[09:44] Shelli: Oh, gosh, I've always loved to read. I mean, I was a voracious reader. The Laura Ingalls Wilder series, the Bobsey Twins. Nancy, gosh. who else? Pippi Longstocking is one of my favorite characters of all time. So I've always been a big reader, and I've always written on the side. But I think when I was younger, I didn't really know that writing could be a career. So I do remember in fourth grade, in fourth grade, my grandfather had passed away and my teacher, Mrs. Crawford, had encouraged me to enter an essay contest that was for the state, and it was about nutrition, and you were supposed to write an essay about why nutrition was important. And instead of writing an essay, I wrote a picture book that was How To Be a Smart Cookie, and I did all the pictures myself, and it was about a cookie who was learning how to eat right and was learning about nutrition, and I won. And so I remember that as part of just realizing, wow, everyone else did essays and I did a book, and I actually kind of stood out. But somewhere along the line, I got a little bit lost. So I went into marketing and really started focusing on business writing until my daughter was born. And I had six months off of the bank where I was working as an SVP, and I just started writing again. I guess I had the time and the space and the energy and just the creativity. I was like, if I can create a baby, I can create a book.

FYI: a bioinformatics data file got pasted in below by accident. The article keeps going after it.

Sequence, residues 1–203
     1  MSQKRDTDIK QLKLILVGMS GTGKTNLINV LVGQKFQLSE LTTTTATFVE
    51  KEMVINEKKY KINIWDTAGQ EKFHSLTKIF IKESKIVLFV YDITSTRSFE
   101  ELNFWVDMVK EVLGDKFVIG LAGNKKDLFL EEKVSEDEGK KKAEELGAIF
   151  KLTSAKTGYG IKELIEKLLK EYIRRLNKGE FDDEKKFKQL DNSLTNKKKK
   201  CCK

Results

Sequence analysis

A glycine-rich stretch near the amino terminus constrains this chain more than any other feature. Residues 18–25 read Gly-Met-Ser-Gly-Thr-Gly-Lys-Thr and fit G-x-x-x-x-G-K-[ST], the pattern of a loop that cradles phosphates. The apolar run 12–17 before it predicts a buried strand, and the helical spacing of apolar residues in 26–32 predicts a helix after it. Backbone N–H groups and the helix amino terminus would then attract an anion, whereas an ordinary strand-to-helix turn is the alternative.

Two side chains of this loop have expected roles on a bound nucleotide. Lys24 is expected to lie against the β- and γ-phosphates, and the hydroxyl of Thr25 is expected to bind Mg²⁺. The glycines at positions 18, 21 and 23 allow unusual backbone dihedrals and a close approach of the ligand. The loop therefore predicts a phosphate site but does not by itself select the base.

[11:16] Dr Diane: Absolutely.
[11:17] Shelli: So that was kind of how I got back into it, and then I just got bit by the bug. I always say she sat on something inside of me.
[11:25] Dr Diane: And I think all of our experiences do add up and shape who we are as humans, as writers, in terms of our career, all of that.
I always say that to kids at school because you don't have to know what you want to be. You just need to know what you love. Find what you love. It doesn't necessarily mean that you have to know what you want to be. Because I always loved reading and writing, but I didn't know I wanted to be a writer until later. And that as long as you follow what you love, you'll come to who you're supposed to be. [11:34] Shelli R Johannes